J MOBLEY: Well, I know the abortion thing is at the height of everything right now. And I'm against abortion. There are some gray areas that I'm willing to lean to OK.

INSKEEP: Like rape, incest, life of the mother?

J MOBLEY: Yes. Yes. No doubt. No question.

INSKEEP: A Supreme Court ruling that ended a right to abortion galvanized supporters of abortion rights, but also motivated opponents.

Is abortion a big enough issue that it would get you to vote for a Republican that you maybe disagree with on some other issues?

J MOBLEY: That's a - remember I said I'm in the middle?


J MOBLEY: I'm stuck. That's where I'm stuck at - right there.

INSKEEP: Beaver Falls lost a lot of population when the steel industry cut its workforce. Vacant houses lined some of the streets downtown. It still features many kinds of people who once worked in the mills. And the town recently elected its first Black mayor, Kenya Johns, who took us for doughnuts at a shop near city hall.

Oh, it smells amazing in here.

She says the best thing at Oram's is the cinnamon rolls. And the clerk found us the last few of the day.

KENYA JOHNS: Oh. See, that's my lady. She knows...

INSKEEP: The mayor is a Beaver Falls native who returned here after college.

JOHNS: Everyone leaves. Like, you graduate, everyone goes. You want to get the farthest away you can from where you are, especially if you grew up in a small town. But the problem with that is if everyone leaves, who makes it better? Who changes it?

INSKEEP: She ran for mayor before age 30. And though she won, she speaks like someone who knows people here feel the government has failed them in the past.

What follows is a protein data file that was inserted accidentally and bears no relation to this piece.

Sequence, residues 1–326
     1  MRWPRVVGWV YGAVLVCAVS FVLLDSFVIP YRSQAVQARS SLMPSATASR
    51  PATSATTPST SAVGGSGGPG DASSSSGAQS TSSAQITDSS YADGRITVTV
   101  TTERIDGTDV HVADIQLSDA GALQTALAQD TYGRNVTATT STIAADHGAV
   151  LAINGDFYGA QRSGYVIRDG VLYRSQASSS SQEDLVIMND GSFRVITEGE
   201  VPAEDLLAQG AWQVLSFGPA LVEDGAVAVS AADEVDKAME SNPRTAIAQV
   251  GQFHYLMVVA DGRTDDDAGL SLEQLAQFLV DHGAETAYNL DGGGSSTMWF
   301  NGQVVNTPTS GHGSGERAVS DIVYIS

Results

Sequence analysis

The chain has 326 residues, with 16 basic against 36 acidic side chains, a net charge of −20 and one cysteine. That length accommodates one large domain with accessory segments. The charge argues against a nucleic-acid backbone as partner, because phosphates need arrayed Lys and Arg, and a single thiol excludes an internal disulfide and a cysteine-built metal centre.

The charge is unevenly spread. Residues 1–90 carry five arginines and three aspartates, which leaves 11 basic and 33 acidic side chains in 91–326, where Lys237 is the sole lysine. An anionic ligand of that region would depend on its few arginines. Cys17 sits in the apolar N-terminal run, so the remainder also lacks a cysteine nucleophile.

JOHNS: If you really want change - I don't make the change in these seats, right? There's small, tangible things that I can do. But the real change happens with the citizens and the community. I think we really - we spearheaded that these first 10 months in office to really just let them know we're here. We're consistent. We're transparent. We know that we've messed up. And even if they're not our sins, we have to atone for them because we are the leaders, right?

INSKEEP: The Democratic mayor says her views align with her party's candidates for Congress. But she has declined to formally endorse anyone and vows to work with whoever wins. She wants to represent the struggling neighborhoods near the river and prosperous neighborhoods farther up, where we knocked on doors.

Hi. Hi.

LAUREN KOZAK: Hi. Can I help you?

INSKEEP: Yes. We're reporters. I'm with NPR - National Public Radio.


INSKEEP: Lauren Kozak (ph) was watching the kids but said her husband was politically active, so she got him on the phone.

ROMAN KOZAK: Holy - yeah, I know your voice very well. I've listened to you plenty of times.

INSKEEP: Roman Kozak (ph) was just down the street. And he came over while Lauren talked about the community.

L KOZAK: It really is reviving in many ways. The college that's here really keeps it afloat and draws a lot of people here.

INSKEEP: She's one of them. She came here to study, met her future husband at a coffee shop. And they now live in a house next to the coffee shop. Roman says he's an outreach chairman of the local Republican Party.

R KOZAK: I ran for city council myself about nine years ago, lost by 17 votes but ended up being friends with everybody that ran against me. And we've worked together in multiple ways.